Opioid crisis remains 'hidden epidemic,' Fraser Health report finds

Eighty per cent of people who died from an illicit substance overdose in the area had received care in the emergency department at least once in the 12 months before their death, a recently released report by the health authority found.

New report examines profiles of those most impacted by overdose crisis

More than 1,900 people have died of illicit drug overdoses in B.C. since the province declared a public health emergency nearly two years ago. (Rafferty Baker/CBC)

Eighty per cent of people who died from an illicit substance overdose in the Fraser Health area had received care in the emergency department at least once in the 12 months before their death, says a health authority report released on Monday.

Previous visits were not just for illicit drug overdose — most sought care for injury, trauma, back pain, alcohol overdose or mental health.

Close to 2,000 British Columbians have died of illicit drug overdoses since a public health emergency was declared two years ago.

The Fraser Health region has one of the highest number of illicit drug overdose deaths in the province.

Dr. Victoria Lee, chief medical health officer for Fraser Health and author of the new report, said the research highlights a critical issue of self-medication.

"People that are using substances are self-medicating whether it's because of pain that's physical or emotional or underlying trauma," she said. "They feel isolated, they don't feel like they are part of our broader society or community."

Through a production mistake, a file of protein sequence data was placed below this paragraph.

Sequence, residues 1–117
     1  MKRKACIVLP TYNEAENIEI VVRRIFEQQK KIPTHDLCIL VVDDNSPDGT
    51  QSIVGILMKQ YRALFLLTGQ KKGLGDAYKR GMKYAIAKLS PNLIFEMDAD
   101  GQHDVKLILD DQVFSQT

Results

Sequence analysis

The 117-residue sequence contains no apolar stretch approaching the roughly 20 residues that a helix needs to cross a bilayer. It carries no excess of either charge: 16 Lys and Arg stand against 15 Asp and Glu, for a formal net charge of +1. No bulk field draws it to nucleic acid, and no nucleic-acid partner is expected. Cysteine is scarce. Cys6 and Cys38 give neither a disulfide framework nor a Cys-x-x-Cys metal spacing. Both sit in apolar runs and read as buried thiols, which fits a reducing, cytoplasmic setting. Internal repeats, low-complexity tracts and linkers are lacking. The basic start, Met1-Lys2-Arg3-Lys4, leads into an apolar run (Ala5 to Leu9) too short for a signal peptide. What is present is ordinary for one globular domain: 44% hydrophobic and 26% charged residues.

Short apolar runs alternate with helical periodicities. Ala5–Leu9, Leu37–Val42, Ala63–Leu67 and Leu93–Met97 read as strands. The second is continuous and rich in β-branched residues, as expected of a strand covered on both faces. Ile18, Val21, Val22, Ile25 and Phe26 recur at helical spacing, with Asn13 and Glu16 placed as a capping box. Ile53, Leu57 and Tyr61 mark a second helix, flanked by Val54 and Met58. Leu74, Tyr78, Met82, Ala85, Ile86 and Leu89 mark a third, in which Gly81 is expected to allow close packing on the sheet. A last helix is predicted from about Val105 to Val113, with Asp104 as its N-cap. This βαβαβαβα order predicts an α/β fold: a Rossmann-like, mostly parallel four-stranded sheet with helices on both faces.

One of the goals of the report is to have a better understanding of the factors leading to illicit substance abuse and to help identify those at risk of an overdose, Lee told CBC host of On The Coast Gloria Macarenko.

Profile of an overdose

The report examined approximately 45,000 visits to emergency rooms and 5,000 patients to learn more about the fatal and non-fatal overdoses in the region.  

In the Fraser Health region, 85 per cent of the deaths were male, with 30- to 39-year-olds having the highest number of overdose deaths.

A disproportionate number of men who overdose were currently or formerly employed in trade industries, Lee added.  

Despite the prevalence of overdose deaths in media headlines and within policy discussions, Lee said the issue remains a hidden epidemic in many ways.

"Unlike what most people think of, 70 per cent of people are actually dying in private residences or at their homes," Lee said. "A lot of what is happening is actually hidden from what we normally see or think of in terms of opioid epidemic."

She said that combating the stigma of substance abuse is critical to encouraging people to seek help. 

With files from On The Coast.